Violence and abuse of power behind prison walls remains a systemic problem. In a nine-count indictment unsealed Tuesday, two Mississippi correctional officers were charged with beating an inmate and a third was charged with helping to cover it up. The case highlights a common crime that rarely results in serious consequences for the offenders.
Violating the right to be free from cruel and unusual punishment, that is what 28-year-old Lawardrick Marsher and 47-year-old Robert Sturdivant, both officers at Mississippi State Penitentiary, in Parchman, Mississippi, stand accused of. Prosecutors allege they beat up a convicted prisoner using kicks, punches, and a throw to the ground.
Sturdivant was also charged with failing to intervene while Marsher was punching and beating the inmate. The indictment alleges that their actions involved the use of a dangerous weapon and resulted in bodily injury to the victim.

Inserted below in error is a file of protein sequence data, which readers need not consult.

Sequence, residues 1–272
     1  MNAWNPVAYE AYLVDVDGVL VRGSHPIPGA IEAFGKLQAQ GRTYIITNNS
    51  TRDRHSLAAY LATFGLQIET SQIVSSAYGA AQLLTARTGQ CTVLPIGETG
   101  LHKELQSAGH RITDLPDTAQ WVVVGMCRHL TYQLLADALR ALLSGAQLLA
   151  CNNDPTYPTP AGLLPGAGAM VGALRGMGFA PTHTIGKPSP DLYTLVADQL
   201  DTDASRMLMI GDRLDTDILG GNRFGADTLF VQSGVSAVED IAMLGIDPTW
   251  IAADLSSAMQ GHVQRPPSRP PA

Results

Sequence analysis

A third officer, 23-year-old Deonte Pate, was charged along with Marsher and Sturdivant for conspiring to cover up the beating. The indictment alleges that all three officers submitted false reports and that all three lied to the FBI.
If convicted, Marsher and Sturdivant face a maximum sentence of 10 years in prison on the excessive force charges. Each of the three officers faces up to five years in prison on the conspiracy and false statement charges, and up to 20 years in prison on the false report charges.
Stories of prison guards abusing inmates are not uncommon. Hollywood has made some of its best movies about just this subject. From the Shawshank Redemption and The Green Mile to the more recent, and very violent, Felon, starring Val Kilmer and Stephen Dorff, in which guards organize fights between inmates.
If you think Hollywood was being a little bit outlandish with that last story, you should know that over thirty inmates filed a federal lawsuit against prison guards at the Medium Security Institution in St. Louis, claiming that they were “baited” into fighting against one another.